She opened her eyes: they were still there. Betsy could see that some of her neighbors were out on the street too. Delancey Place, one of the quietest streets in Philadelphia, had turned into a media circus. She walked around the block to the alley behind the house and snuck in through the back.
She found her mother hiding in the tub. Her mother was fully dressed—jeans, a light blue sweater, wool socks.
“Has Dad been hurt?”
Her mother shook her head no.
That was the beginning and end of their conversation. That was all Betsy wanted to know. As long as her father wasn’t hurt, they could handle whatever this was about.
She could have turned on the TV, could have gotten in the tub with her mother and closed the curtain, could have snuck out the back of the house and taken her mother with her, but somehow she knew what to do and had the bravery to do it: she walked out the front door, still carrying the tie, and faced the cameras.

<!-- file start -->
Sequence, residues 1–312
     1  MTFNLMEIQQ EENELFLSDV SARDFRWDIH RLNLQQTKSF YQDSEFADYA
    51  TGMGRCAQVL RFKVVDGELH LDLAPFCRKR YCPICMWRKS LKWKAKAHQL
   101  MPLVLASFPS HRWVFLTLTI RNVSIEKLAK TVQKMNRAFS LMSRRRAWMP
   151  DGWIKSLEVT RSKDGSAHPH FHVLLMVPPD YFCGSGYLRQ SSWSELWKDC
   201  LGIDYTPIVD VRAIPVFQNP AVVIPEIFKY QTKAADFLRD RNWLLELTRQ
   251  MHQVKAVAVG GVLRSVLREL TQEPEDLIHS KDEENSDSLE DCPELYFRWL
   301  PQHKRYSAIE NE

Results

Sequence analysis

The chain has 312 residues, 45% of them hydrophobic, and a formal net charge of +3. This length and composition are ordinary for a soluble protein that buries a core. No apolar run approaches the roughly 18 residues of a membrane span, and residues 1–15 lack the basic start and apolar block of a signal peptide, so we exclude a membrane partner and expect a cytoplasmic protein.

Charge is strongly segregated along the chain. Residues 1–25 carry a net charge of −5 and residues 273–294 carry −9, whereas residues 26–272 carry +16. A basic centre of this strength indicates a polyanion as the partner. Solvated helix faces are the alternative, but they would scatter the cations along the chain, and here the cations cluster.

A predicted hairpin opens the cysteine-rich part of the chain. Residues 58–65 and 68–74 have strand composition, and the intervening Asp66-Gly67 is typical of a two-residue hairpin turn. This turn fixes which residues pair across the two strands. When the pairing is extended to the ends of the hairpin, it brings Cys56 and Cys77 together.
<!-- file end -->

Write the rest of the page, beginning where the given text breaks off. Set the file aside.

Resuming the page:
They charged the stoop. But, as if realizing it was just David Christie’s daughter, not even old enough to vote, they paused.
Then one reporter asked her, and then they were all asking, what her reaction was to the news, the reports, the allegations, the photo, had she known, had her mother known, was it true, what did she know, how did she feel?
She knew to say nothing, what her father was so good at—let them talk and talk and make themselves look bad. She stood there stone-still. “Just a girl,” she imagined someone might say. “Leave her alone. As if her mother having cancer isn’t enough.”
Betsy used the same tactic when her father came home that night. By then he had made three denials—in New Hampshire, upon his arrival in Philadelphia, and in front of his home—simple and quick.